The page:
Today, October 10, marks World Mental Health Day. This year the World Health Organisation has made the theme psychological first aid. They write:
“Despite its name, psychological first aid covers both psychological and social support. Just like general health care never consists of physical first aid alone, similarly no mental health care system should consist of psychological first aid alone. Indeed, the investment in psychological first aid is part of a longer-term effort to ensure that anyone in acute distress due to a crisis is able to receive basic support, and that those who need more than psychological first aid will receive additional advanced support from health, mental health and social services.”
It’s definitely worth thinking about, since in India we have been woefully underprepared and shockingly understaffed to deal with mental health issues — whether for those in acute distress or in crisis situations. It never ceases to amaze that in a state that has seen perennial conflict for decades, Jammu and Kashmir at last count had only three major centres for treatment, and according to this report, even there, there is a lack of trained mental health professionals and counsellors.
And this is even as a report by the Médecins Sans Frontières, The Department of Psychology at Kashmir University and the Institute of Mental Health and Neurosciences, Kashmir last year found that 1.8 million (45%) adults in the Kashmir Valley have significant symptoms of mental distress.
The issue is not just limited to the Valley. Across the country, according to the World Health Organisation’s Mental Health Atlas (2011), there are 0.301 psychiatrists per 100,000 Indians overall, and 0.047 psychologists for the same number of our population.
There are 0.301 psychiatrists per 100,000 Indians overall, and 0.047 psychologists for the same number of our population.
There are several issues at play here, and even if you keep aside infrastructure and lack of access to trained mental health experts, there is the lack of awareness, and even stigma that remains when we look at mental health conditions. I asked psychologist Arpita Anand to weigh in on these challenges and whether she’s noticed any changes over the past decade or so.
She tells SheThePeople.TV, “It is all of the above reasons you highlight. However, there is greater awareness now and that is reducing the stigma. As people begin to realise that mental illness is not a sign of weakness but is similar in concept to physical illness, they are more one to seeking treatment.”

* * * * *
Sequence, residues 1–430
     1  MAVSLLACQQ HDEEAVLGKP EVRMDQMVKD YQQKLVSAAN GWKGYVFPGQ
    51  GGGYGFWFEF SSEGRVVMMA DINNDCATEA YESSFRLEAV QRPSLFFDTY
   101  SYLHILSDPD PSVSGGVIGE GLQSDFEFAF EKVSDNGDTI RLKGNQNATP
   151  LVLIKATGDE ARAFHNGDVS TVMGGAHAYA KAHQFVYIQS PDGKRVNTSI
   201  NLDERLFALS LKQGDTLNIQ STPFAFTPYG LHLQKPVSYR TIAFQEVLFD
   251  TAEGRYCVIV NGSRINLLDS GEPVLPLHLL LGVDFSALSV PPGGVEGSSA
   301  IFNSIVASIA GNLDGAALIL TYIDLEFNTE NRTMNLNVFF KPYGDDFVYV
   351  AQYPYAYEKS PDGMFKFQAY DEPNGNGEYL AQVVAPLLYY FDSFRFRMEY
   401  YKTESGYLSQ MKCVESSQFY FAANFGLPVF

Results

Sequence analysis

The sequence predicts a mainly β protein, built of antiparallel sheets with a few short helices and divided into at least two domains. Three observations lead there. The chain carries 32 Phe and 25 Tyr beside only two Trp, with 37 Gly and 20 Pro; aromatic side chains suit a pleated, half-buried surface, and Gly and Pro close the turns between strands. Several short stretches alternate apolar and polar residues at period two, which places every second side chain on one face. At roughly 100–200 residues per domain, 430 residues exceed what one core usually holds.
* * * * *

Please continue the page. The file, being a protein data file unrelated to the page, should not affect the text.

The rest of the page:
When it comes to the lack of trained experts, she says, “The difficulty does come in as there are not enough trained mental health professionals and many of those who need help will never really get the help. It is in this context that a lot of work I do now with this NGO called Sangath, is based on training non specialist health workers (NSHW). We believe that NSHW can be trained to deliver evidence based psychological treatments and several studies we are doing show positive results. This may change the way people access care.”
In conclusion, perhaps we can look past the grim stats, beyond the picture of gloom and doom in India, because of course there are many people punching way above their weight, and many trying to ensure that people who need help get it… not to mention millions of people bashing on, day by day, regardless of the stigma and lack of empathy and understanding. Here’s how we can all pitch in.
STEP 1: TALK ABOUT MENTAL HEALTH
STEP 2: NORMALISE THE CONVERSATION/ HELP REMOVE THE STIGMA
STEP 3: ENCOURAGE THOSE WHO NEED IT TO REACH OUT FOR HELP
Do check out a new initiative called The Health Collective, where we are sharing the facts that you need to know, and many of your stories on dealing with different mental health conditions…and overcoming them. Tweet us @healthcollectif / email amrita[at]healthcollective.in if you’d like to contribute your story.
Feature Image Credit: www.healthnettpo.org